Yes, indeed. In Bavaria soft pretzels are often eaten for breakfast - with sausage, beer and, of course, mustard. Here, we’ve been eating them as a midnight snack (mostly because they’re irresistible right out of the oven, and I’ve been starting them way too late in the day); then eating them again for breakfast, minus the beer and sausage. If you roll them shorter and thicker, they’ll rise in the oven until most of the holes have been filled in. Then they can then be sliced in two horizontally and used as the bread for a not-too-sloppy sandwich.
The recipe comes from Local Breads, an amazing book that has been batting its eyelashes at me from the shelf for nearly a year. Sure, I’ve opened it; drooled over the recipes, learned the photographs by heart. But I never found the time to bake from it until a few weeks ago. Since then I’ve made the pretzels three times, and I now double the recipe. (You should too - eight soft pretzels is just not enough unless you’re baking for one and don’t intend to share!)
It’s been lovely, really - Andy and I, plus an assortment of friends and house guests, all chatting about life, love, and literature around the stock pot, watching the pretzels boil, sinking into a tired and contented silence as they bake, then reviving for more on love and philosophy as we tear into the soft warmth of their flesh, our talk shepherding the night toward morning. It’s romantic, I know, but it really does happen, and it could happen to you if you bake these. No promises, but I tell you, late nights and soft pretzels create a kind of unanticipated alchemy (aside from the anticipated but still magical alchemy of baking.)
Bavarian Soft Pretzels
Yields 8 pretzels. Recipe can be doubled.
3 1/4 cups unbleached bread flour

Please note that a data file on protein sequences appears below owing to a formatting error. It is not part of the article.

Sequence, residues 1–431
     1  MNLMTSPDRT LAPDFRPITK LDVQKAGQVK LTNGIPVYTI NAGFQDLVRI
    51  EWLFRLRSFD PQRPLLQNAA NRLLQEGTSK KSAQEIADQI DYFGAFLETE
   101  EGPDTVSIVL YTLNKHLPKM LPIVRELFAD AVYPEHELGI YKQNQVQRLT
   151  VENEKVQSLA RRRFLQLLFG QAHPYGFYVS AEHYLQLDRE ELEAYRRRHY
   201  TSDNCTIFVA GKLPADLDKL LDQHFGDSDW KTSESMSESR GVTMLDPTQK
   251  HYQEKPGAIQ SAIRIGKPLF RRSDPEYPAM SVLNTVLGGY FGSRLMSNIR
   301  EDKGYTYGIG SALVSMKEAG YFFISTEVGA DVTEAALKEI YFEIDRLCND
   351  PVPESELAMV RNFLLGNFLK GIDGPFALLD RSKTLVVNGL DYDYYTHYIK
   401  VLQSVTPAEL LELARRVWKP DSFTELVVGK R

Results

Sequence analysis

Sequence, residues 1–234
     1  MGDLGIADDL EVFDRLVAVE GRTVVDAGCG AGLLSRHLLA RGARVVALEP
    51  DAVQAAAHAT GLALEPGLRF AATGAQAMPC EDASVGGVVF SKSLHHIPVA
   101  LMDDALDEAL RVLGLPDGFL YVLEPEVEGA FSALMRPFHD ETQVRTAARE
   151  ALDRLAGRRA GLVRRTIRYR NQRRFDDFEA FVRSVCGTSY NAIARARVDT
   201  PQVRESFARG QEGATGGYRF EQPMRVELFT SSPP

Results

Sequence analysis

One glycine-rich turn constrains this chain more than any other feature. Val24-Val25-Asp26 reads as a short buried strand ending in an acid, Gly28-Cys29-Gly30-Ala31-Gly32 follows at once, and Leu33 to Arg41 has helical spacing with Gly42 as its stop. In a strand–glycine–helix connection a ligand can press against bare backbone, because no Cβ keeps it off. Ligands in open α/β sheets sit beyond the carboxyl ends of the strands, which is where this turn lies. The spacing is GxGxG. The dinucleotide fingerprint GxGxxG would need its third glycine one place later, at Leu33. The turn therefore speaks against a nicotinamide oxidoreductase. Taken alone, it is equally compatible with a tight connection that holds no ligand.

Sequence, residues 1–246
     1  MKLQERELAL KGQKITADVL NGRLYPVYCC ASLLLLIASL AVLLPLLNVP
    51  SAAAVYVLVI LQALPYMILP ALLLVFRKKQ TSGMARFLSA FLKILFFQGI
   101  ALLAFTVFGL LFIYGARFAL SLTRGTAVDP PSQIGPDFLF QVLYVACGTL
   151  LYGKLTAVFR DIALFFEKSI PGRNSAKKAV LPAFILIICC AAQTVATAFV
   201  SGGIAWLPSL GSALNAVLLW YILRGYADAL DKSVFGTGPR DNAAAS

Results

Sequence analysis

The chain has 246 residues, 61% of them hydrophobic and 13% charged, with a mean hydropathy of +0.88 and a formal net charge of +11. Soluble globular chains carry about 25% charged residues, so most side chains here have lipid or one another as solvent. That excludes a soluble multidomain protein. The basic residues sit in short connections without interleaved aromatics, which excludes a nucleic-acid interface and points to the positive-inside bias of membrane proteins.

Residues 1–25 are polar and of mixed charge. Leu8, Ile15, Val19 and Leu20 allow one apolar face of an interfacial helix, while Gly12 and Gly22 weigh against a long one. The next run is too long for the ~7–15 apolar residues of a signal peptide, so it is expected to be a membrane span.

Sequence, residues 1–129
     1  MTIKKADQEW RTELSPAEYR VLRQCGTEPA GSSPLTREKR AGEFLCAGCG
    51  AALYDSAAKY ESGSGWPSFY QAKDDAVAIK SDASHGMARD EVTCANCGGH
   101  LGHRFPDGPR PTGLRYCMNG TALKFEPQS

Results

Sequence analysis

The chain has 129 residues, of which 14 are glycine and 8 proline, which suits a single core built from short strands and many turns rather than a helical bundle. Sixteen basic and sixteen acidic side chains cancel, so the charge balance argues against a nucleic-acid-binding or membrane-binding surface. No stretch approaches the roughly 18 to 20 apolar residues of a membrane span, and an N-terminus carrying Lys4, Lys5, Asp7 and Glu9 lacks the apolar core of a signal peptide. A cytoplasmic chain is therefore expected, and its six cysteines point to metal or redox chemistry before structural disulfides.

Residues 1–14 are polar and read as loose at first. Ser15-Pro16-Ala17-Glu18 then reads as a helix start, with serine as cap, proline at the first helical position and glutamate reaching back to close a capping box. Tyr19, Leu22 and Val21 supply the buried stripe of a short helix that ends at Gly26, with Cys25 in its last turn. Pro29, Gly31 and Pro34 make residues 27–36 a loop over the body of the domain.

3 tbs unsalted butter
1 1/4 cups tepid water
1 tsp instant yeast
2 1/4 tsp sea salt
1/3 cup baking soda for boiling (note: you needn’t double this amount for a double recipe)
Kosher salt and/or sesame seeds for topping
In a large bowl, mix flour and butter and work butter into the dough with your fingers until evenly distributed. Add water and mix until absorbed, then add the salt to one side of the dough and yeast to the other side and work in both. Turn the dough out onto a floured counter top and kneed for 10 to 12 minutes until firm and smooth. Round dough into a ball and allow to rise, covered, in a oiled bowl at room temperature until light and springy, about 1 hour (it won’t double in size.)
If you are doubling the recipe, divide the dough and cover one half. Proceed as for one batch, then repeat. Place the dough on a lightly floured counter top and from into a rectangle. Use a chef’s knife to cut into 8 equal pieces, form each piece into a ball, and allow to rest covered for about 5 minutes. Roll out each piece with your hands until it is about 18 inches long, tapering the ends slightly. To form the pretzels, grab hold of each end and cross the left end over the right with the looped portion nearest you. Now create a twist by crossing top piece under. Finally, lift the twisted ends and flip them over onto the loop. Press the ends down to seal.
Place the pretzels on a oiled baking sheet, cover with plastic wrap, and refrigerate for 2-24 hours.
When you are ready to make the pretzels, preheat the oven to 350 degrees and bring 4 quarts of water to a boil. Add the baking soda slowly and turn the heat down to a simmer. Place the pretzels into the boiling water one at a time, simmering on each side for 15 to 20 seconds. Remove from the water, draining well and return to the oiled baking sheet. Repeat until all pretzels are boiled.
Sprinkle pretzels with kosher salt and/or sesame seeds and bake until they are a rich brown, about 35 minutes. Enjoy warm or at room temperature with a good mustard. They are best fresh, but can be stored, well sealed for a couple of days.